The lateral extra-articular tenodesis (LET) procedure, when performed in conjunction with ACL reconstruction, may reduce young athletes’ risk of graft failure and reinjury, according to a recent clinical trial.
For young adult or adolescent athletes, an ACL injury can be especially detrimental, as reinjury is common among ACL repair patients younger than age 25. Surgeons generally replace the torn ligament with an autograft or allograft ligament transplant, but the risk of a graft failure or re-tear is as high as 20% in these athletes.
Canadian researchers have found that performing LET in addition to ACL graft repair may improve outcomes.
STABILITY Clinical Trial
There are multiple techniques, but generally, LET affixes part of the iliotibial band to the femur above the knee joint. This provides the knee joint with additional support and stabilizes knee rotation.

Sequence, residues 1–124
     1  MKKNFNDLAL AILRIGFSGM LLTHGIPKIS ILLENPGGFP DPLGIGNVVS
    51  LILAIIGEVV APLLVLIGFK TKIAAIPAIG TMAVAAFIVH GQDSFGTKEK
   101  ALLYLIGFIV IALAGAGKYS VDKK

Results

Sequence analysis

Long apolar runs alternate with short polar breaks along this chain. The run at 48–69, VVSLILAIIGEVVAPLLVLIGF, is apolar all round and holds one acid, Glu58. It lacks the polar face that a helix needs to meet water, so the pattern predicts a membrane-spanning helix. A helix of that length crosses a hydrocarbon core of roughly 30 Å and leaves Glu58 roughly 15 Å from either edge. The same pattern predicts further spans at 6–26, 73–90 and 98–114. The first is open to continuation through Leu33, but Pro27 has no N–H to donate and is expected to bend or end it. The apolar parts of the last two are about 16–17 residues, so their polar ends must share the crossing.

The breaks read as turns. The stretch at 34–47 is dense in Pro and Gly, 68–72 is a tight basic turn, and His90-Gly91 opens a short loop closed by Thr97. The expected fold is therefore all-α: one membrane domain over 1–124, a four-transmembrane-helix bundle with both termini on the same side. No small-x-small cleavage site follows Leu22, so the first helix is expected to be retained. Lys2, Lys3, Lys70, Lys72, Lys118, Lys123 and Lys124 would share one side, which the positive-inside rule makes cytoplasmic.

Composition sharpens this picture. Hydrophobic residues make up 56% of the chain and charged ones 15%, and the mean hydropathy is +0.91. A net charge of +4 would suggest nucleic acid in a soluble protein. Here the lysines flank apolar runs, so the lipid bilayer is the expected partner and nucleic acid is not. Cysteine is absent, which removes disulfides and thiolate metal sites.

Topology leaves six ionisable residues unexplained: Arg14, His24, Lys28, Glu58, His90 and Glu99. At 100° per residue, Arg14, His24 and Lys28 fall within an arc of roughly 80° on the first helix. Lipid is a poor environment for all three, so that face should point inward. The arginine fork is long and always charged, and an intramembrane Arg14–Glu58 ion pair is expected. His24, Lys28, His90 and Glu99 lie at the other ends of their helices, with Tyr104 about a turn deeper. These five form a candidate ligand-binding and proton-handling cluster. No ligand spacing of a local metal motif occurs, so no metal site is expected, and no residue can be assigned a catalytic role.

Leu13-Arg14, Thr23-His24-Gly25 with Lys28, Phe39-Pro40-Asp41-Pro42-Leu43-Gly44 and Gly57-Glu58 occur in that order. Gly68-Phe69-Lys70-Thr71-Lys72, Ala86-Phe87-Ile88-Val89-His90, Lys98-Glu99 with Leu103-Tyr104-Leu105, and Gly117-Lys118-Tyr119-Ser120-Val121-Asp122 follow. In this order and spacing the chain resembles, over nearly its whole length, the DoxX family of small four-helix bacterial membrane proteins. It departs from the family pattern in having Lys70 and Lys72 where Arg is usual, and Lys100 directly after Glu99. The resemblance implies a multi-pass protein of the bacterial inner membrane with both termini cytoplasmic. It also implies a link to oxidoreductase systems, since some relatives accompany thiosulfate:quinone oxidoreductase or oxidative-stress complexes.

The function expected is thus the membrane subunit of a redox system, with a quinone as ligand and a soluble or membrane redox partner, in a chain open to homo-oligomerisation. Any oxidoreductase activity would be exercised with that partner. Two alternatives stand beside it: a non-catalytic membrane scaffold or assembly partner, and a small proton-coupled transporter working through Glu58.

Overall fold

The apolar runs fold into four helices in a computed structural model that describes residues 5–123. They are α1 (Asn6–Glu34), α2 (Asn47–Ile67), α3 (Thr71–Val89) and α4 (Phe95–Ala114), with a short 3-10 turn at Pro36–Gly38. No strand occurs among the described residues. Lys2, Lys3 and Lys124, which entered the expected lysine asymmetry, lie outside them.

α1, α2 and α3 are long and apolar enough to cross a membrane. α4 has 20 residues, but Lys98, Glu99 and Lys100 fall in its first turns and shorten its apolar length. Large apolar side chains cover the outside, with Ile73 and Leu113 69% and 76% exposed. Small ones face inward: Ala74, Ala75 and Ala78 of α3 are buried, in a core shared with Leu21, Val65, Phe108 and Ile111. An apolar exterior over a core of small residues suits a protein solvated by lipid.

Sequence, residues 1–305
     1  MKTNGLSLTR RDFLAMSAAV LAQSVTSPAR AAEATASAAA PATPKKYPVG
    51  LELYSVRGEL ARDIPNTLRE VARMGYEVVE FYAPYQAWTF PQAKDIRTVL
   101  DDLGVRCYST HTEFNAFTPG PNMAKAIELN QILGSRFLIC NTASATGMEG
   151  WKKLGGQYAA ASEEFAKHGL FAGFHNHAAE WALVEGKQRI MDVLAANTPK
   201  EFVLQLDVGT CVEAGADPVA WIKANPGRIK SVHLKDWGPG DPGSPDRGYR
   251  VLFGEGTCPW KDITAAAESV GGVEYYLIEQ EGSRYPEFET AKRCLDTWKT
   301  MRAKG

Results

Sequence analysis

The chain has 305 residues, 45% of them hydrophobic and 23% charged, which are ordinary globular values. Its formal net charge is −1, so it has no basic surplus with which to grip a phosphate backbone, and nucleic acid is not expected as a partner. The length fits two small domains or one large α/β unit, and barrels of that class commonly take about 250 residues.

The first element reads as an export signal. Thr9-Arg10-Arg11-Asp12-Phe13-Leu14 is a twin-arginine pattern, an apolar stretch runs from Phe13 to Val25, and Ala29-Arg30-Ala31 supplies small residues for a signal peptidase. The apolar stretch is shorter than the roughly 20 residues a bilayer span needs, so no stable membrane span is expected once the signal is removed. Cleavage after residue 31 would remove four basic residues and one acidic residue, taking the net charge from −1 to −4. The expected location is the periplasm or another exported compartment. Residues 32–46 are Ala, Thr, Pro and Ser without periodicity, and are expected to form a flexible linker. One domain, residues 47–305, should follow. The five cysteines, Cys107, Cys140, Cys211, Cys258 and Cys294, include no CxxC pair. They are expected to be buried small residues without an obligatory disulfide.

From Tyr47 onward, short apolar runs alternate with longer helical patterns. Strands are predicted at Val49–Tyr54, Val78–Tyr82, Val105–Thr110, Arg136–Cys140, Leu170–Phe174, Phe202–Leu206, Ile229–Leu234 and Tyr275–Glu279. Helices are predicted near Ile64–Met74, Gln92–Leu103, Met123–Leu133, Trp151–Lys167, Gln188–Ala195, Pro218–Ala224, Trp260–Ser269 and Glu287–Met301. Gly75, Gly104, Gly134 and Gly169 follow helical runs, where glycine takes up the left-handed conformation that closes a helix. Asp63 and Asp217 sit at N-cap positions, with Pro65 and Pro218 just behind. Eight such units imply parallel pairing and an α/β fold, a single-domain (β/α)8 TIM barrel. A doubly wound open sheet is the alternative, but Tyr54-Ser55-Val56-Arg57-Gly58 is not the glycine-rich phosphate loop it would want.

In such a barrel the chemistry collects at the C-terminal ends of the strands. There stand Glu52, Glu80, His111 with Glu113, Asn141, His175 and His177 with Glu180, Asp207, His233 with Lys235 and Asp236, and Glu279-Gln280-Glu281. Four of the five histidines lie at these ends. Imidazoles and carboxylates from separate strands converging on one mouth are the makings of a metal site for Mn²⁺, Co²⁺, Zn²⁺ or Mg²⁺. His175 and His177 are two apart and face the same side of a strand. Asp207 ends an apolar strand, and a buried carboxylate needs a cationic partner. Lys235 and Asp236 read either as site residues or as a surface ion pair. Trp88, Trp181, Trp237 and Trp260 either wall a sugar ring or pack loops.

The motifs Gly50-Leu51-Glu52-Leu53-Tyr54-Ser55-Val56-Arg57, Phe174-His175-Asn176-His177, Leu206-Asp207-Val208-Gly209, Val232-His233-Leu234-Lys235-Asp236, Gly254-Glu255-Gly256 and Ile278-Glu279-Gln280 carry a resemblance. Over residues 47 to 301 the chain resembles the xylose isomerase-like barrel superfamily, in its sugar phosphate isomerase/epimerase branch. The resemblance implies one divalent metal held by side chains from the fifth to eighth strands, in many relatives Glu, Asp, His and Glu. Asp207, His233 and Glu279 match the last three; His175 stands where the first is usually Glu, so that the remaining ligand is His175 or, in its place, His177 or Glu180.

“Although the LET procedure has shown potential in improving patient outcomes, a randomized clinical trial was needed to assess whether or not it reduces the risk of reinjury,” says Alan Getgood, MD, FRCS, scientist at Lawson Health Research Institute and orthopedic knee surgeon at Fowler Kennedy Sport Medicine Clinic in London, Ontario, in a press release about the STABILITY trial.
The study included 624 participants from nine centers in Europe and Canada. Patients were under the age of 25, undergoing a hamstring graft for ACL repair and had high risk of reinjury. Half of the patients were randomized to receive ACL reconstruction with LET, and half received ACL reconstruction alone. While 11% of patients experienced reinjury after ACL reconstruction without LET, only 4% who underwent both ACL reconstruction and LET experienced reinjury.
“Adding the LET procedure [also] resulted in a 65% relative risk reduction for graft failure,” Dr. Getgood says in the release. “Our results suggest patients under the age of 25 should consider the LET procedure when they have decided on ACL reconstruction using a hamstring graft.”
Dr. Getgood is conducting a follow-up study comparing the use of LET in ACL reconstruction with two other types of tendon grafts.